By using information from several data sets, comparisons can be made across space (between springs), temperature, and time. The multitude of alleles found in the deep amplicon data and their frequencies provide a basis for comparisons with the Syn OS-A and Syn OS-B′ genomes as well as the previously sequenced shotgun metagenome data from OS and MS [17] and the small sets of amplicon reads from other temperatures in MS. In order to analyze the four subsets of the metagenome data—the high-temperature and low-temperature components of MS and OS-derived reads—we aligned the deep alleles to the metagenome using BLAST, keeping only hits spanning nearly the entire alleles, 836 reads total. For the high-temperature amplicon reads, to maximize the number we could use, we applied a less stringent filtering method than was done for the deep data, resulting in 7156 total reads from the 55, 60, and 65°C samples that overlap at least 200bp of the 400bp deep alleles (see Methods).

In Fig 10, the spectrum of distances of the reads from all the other data sets to the closest amplicon read is shown. We compared with raw amplicon reads rather than the denoised alleles because raw reads that had been judged to have errors because of their proximity to other amplicon reads are in fact likely to be genuine if they exactly match a sequence in another data set: i.e. they were false negatives. (The justification for this assumption is that any particular error-containing sequence in the deep amplicon data is not a priori expected to be observed.) At least 80% of reads from each data set were within 2 SNPs of some amplicon read and the average distances were in the range 1.1-3.0 SNPs when outliers (those with > 40 SNPs, roughly the radius of the main cloud) were removed.

Fig 10. Comparisons between deep amplicon alleles and metagenome data, sequenced genomes, and higher-temperature amplicon data.

(A) Distributions of the number of substitutions to the nearest deep read from the high and low-temperature MS metagenome (downward triangle) and OS metagenome (upward triangle); from the two full genomes (circles), and from the high-temperature MS amplicon reads (squares). The temperatures of the data sets and the numbers of reads are given in the legend. Blue, yellow, and red correspond roughly to increasing temperature ranges, although the OS samples experience large fluctuations in temperature so these cannot be strictly compared. (B) Distribution of frequencies of the deep amplicon alleles that were identical to some read from the data sets shown in part (A). If the read from another data set is identical to a raw deep amplicon read but not an identified allele, it is assigned the frequency of the closest allele (from which the amplicon read had been presumed to be an error). The line with stars shows the frequency distribution that would be found if the deep amplicon data sample were resampled, i.e. alleles drawn randomly with probability proportional to their observed frequency. The x coordinates are the left edges of each half-log-sized bin.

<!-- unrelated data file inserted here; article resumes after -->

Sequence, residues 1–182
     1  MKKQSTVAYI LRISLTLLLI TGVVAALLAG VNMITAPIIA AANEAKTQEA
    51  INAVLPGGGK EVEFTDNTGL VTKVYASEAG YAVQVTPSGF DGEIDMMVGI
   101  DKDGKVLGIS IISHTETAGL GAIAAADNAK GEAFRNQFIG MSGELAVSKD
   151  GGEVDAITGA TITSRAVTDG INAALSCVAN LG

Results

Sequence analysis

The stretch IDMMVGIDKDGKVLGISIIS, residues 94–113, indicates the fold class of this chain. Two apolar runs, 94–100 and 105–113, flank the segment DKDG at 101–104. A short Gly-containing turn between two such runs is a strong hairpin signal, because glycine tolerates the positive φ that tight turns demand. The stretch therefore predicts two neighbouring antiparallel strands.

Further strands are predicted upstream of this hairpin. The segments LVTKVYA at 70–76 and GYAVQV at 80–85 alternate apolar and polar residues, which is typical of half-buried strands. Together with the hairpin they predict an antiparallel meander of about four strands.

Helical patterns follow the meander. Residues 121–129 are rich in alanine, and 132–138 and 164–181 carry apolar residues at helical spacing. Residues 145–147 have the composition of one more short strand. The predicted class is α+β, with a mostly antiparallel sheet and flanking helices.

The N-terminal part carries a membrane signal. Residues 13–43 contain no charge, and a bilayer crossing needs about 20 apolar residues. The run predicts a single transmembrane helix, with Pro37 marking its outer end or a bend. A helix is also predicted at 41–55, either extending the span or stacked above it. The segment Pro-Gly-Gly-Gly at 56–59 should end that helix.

Where metagenome reads did differ by one or two coding substitutions from the nearest deep read and were similar enough to Syn OS-B′ that the genome could be used to establish a clear coding frame (531 of the 836 total metagenome reads), these differences were heavily biased towards being synonymous (21:68 and 29:67 ratios of non-synonymous to synonymous SNPs for reads with one or two coding substitutions), exhibiting (after normalizing for the relative numbers of sites) a dn/ds ratio at least as small as what we found in Fig 7, suggesting that these differences are predominantly genuine.

Although almost all reads in each of these data sets and the two whole genomes are close to some deep allele, one can ask which deep allele they are closest to. We previously compared Syn OS-B′ with the deeply-read amplicon data [18] by considering, at each locus, the allele most similar to Syn OS-B′. We found that the frequencies of these Syn OS-B′-like alleles had a very similar spectrum to that of reads drawn randomly and independently with probabilities proportional to the observed allele frequencies in the amplicon data. Here, we similarly analyze the metagenome data and the amplicon data from different temperatures. In Fig 10B, we show that the frequencies of the alleles that reads from different samples are closest to varies greatly between the data sets, the differences correlating strongly with temperature. The sequences from cooler sites in both springs tend to be near to alleles with a spectrum of frequencies characteristic of the deep data, as were Syn OS-B′ alleles, also shown. In particular, the 55°C amplicon reads, coming from the same spring and year as the deeply sequenced sample and only 5°C hotter, are, as shown, closest to deep alleles, with a spectrum of frequencies very similar to that of random sampling from the deep data.